The Neighbors are Animals: Meet the Grizzly Bear
Don’t poke the bear is, of course, sage advice, but when it comes to the grizzly bear, there are plenty of other important things to know, for their safety and yours.
If you’re lucky, you will never meet a grizzly bear while skiing Big Sky. But then again, you just might. Every inch of Big Sky is grizzly habitat, and while the bears typically snooze all winter, if they smell a carcass or the region sees a rapid warm-up in March, they won’t hesitate to explore.
Grizzly bears are part of the North American brown bear family and picked up their familiar nickname when Lewis and Clark first encountered them. “They gave them that name due to their grizzled fur,” says bear biologist Chuck Bartlebaugh, director of Missoula’s Be Bear Aware Campaign.
Thus began a 100-year period of unregulated hunting, reducing the bears’ range by 98 percent. In 1975, the U.S. Fish and Wildlife Service added the grizzly to the “threatened” list under the Endangered Species Act.
Today, it’s up to us to respect the bears’ boundaries, which in winter includes staying away from their dens. Bedding down for the winter, or hibernation, is a habit that helps bears conserve energy when food supply is scarce. Grizzlies spend up to a week building their dens, which generally change location from year to year. They create an entrance, a tunnel to the den, and the den itself. The sprawling nature of these winter homes protects the bears from suffocation, and while hibernating, their respiration slows as well, so oxygen needs are lower.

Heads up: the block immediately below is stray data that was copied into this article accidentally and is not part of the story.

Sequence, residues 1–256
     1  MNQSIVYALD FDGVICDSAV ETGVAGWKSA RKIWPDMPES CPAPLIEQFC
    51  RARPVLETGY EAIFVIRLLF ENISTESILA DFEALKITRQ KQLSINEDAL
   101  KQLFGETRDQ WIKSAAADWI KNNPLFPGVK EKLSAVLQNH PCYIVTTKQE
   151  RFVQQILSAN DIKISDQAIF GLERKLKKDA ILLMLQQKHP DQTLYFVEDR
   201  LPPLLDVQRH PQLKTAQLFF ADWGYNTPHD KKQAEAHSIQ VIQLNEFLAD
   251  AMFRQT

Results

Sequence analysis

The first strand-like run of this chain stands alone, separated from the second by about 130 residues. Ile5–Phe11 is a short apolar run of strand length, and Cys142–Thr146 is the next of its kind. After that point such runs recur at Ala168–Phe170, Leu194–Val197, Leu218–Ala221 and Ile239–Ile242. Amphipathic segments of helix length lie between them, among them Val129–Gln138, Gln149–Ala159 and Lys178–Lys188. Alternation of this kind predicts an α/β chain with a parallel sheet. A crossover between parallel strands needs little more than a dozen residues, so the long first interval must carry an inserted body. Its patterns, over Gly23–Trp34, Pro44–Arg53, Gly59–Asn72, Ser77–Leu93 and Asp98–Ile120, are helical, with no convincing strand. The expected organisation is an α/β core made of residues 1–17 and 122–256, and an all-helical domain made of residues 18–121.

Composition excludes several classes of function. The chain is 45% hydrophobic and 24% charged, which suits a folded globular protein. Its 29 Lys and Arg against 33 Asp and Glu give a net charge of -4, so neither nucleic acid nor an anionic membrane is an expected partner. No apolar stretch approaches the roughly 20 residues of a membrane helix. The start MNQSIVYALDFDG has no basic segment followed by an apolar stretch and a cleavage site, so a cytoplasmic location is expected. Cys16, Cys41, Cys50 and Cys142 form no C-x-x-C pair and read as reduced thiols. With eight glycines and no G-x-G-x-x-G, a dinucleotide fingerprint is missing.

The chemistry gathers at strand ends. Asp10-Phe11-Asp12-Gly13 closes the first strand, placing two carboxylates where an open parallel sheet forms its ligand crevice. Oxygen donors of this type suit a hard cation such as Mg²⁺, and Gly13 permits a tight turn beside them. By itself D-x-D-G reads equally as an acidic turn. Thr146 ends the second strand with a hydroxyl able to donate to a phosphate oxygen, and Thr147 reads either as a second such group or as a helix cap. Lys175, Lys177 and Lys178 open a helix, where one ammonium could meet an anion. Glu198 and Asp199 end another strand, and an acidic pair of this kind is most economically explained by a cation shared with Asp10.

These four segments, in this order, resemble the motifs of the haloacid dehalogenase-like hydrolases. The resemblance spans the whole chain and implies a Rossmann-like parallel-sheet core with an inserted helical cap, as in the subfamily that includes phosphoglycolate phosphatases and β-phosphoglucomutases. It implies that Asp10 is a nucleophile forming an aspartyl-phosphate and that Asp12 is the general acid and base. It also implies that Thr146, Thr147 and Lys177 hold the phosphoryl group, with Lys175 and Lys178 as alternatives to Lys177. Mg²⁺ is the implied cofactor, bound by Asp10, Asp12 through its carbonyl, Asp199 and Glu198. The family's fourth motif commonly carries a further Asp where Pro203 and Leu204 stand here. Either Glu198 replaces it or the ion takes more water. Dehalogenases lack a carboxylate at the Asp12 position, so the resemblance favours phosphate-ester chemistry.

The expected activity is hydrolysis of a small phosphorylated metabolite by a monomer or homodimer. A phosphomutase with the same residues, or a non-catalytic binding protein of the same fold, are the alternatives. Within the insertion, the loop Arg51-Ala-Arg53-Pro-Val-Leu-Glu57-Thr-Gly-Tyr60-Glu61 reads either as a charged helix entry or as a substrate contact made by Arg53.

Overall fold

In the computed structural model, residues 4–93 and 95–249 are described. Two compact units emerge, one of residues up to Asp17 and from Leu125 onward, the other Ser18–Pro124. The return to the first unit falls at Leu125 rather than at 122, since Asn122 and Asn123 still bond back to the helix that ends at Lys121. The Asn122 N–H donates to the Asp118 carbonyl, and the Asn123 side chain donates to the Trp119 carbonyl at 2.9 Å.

“They don’t sleep the whole time, but they don’t need to eat, drink, urinate, or defecate,” says interdisciplinary scientist Hannah Jaicks. As they prepare for this season of rest, grizzlies essentially stuff themselves silly to add a layer of fat, a process known as hyperphagia. Female grizzlies also give birth during hibernation, typically around January or February. The cubs don’t hibernate, but rather stay next to their mothers, nursing until sow and cubs emerge in the spring to look for food.
Whether during hibernation or any other time of the year, if you live in grizzly territory, be prepared for encounters. “Practice situational awareness,” recommends Jaicks. “If you see birds circling, or smell carcasses, know they could be nearby. Always have bear spray at the ready and practice using it. Grizzlies can move at 40 miles per hour and at that speed, covering the distance to you is nothing.”
Yes, grizzlies can really move—but they aren’t just sprinters. “Grizzlies roam upwards of 20 to 40 miles each day,” says Jaicks. “Much of this is dependent on weather, other bears, food, and, of course, people, roads, and towns.”
As to their senses, understand that while the thinking is grizzlies have poor eyesight, they more than make up for it with their keen sense of smell. If you encounter a grizzly, says Jaicks, “Make a lot of noise and bunch together as a group so that you appear as one large creature. Deceiving their poor eyesight is critical to remember. And don’t run, because they can certainly detect movement and that will trigger their predatory instincts. If they do charge, dispel your bear spray from about 35 yards away, and if you’re knocked down, put your hands over your neck